German Chancellor Olaf Scholz has been accused of weak leadership in the Ukraine crisis and being soft on Russia. Yet on his visit to the Kremlin on Tuesday, he not only stood up to Russian President Vladimir Putin, he seemed to relish it, according to Reuters.
Scholz was unexpectedly combative in his joint news conference with Putin during a day-trip to Moscow that was part of frantic diplomacy to avert a Russian invasion of Ukraine – even while maintaining his trademark quiet, measured tone.
When Putin criticized NATO, saying it had launched a war in Europe by bombing the former Yugoslavia in 1999, Scholz hit back, saying this was done to prevent genocide, a reference to the persecution of ethnic Albanians in Kosovo.
Putin said Russia does not want a war in Europe, but considered the treatment of ethnic Russians in the Donbass region of eastern Ukraine to be genocide. In a solo news conference later, Scholz said Putin’s use of the word genocide was wrong.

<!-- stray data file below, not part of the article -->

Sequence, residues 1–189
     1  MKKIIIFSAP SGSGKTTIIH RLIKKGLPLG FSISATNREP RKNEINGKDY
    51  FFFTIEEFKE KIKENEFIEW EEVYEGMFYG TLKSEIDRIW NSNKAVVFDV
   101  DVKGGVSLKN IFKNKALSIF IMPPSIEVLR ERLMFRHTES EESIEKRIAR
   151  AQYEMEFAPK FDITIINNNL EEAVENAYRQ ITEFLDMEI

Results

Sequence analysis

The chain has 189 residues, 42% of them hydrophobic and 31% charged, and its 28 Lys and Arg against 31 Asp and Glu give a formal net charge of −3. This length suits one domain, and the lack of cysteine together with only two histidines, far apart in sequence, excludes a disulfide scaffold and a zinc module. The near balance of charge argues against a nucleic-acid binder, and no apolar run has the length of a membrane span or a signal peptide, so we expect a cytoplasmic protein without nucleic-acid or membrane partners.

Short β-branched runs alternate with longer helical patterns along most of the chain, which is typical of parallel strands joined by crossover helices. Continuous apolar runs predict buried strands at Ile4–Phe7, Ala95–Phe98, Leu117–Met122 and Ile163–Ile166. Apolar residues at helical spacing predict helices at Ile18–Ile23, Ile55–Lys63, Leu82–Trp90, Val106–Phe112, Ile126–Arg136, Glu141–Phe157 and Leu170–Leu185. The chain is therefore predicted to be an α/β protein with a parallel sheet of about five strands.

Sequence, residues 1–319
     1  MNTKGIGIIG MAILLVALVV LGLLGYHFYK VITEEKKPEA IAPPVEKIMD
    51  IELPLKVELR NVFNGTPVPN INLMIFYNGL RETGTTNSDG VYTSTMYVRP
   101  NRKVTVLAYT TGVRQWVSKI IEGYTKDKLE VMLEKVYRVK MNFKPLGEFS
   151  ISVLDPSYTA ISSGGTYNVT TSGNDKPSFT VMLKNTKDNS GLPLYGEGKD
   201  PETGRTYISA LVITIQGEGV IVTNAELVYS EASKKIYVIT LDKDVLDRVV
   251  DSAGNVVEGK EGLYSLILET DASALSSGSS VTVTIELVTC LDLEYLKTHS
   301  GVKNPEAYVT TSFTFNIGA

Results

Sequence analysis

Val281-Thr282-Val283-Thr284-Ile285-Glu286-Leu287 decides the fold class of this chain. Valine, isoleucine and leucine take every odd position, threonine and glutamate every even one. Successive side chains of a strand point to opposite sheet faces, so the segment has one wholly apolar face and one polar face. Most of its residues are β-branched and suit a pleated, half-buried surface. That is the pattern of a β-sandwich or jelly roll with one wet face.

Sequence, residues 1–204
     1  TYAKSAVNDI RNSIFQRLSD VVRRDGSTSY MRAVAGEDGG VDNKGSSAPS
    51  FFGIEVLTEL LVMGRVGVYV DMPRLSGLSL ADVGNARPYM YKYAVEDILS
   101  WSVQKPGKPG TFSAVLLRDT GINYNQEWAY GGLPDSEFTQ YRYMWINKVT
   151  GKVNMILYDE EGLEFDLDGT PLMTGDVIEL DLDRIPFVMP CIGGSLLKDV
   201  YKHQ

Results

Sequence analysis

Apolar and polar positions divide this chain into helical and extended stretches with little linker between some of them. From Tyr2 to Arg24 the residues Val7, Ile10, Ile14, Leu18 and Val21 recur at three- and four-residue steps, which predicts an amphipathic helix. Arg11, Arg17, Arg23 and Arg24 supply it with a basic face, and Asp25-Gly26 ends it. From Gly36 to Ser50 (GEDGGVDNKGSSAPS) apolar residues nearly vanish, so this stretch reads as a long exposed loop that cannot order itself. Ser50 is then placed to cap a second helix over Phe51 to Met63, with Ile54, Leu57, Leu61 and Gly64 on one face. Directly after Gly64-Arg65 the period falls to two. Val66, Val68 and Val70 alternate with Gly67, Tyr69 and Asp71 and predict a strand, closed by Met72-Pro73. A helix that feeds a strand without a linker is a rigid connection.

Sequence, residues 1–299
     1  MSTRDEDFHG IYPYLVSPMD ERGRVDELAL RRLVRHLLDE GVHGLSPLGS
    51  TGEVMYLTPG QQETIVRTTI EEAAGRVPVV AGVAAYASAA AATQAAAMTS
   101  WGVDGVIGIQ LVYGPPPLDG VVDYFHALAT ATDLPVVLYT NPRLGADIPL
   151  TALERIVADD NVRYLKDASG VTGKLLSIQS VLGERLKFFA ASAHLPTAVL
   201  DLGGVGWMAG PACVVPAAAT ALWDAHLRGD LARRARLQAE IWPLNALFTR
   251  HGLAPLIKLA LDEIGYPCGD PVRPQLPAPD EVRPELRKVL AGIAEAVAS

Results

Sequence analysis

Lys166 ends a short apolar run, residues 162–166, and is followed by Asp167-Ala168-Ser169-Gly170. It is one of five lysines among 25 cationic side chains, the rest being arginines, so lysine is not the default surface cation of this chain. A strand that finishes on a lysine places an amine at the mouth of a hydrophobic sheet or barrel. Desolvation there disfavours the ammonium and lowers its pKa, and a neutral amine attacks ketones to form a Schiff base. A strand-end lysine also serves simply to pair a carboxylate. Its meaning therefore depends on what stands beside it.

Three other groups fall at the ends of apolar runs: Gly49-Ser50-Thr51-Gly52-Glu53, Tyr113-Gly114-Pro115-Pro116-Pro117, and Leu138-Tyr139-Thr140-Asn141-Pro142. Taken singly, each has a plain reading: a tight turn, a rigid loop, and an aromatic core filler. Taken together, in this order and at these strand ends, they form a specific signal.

Scholz even poked fun at Putin’s fears of NATO’s eastern enlargement given it was not on the agenda any time soon and his lengthy time at the helm of his country.
“I don’t quite know how long the president plans to stay in office,” he said, with a grin towards Putin. “I have a feeling this could be a long time, but not forever.”
Some analysts praised him for also voicing concerns about civil rights issues and meeting with various activists and some critics still complained he had ceded too much to Russia by minimizing the possibility of Ukraine gaining NATO membership.
His more assertive tone though could go some way to restore his credibility as one of the top political players in Europe. French President Emmanuel Macron had taken the lead lately on the Ukraine crisis in Europe with a Moscow visit, albeit with mixed results.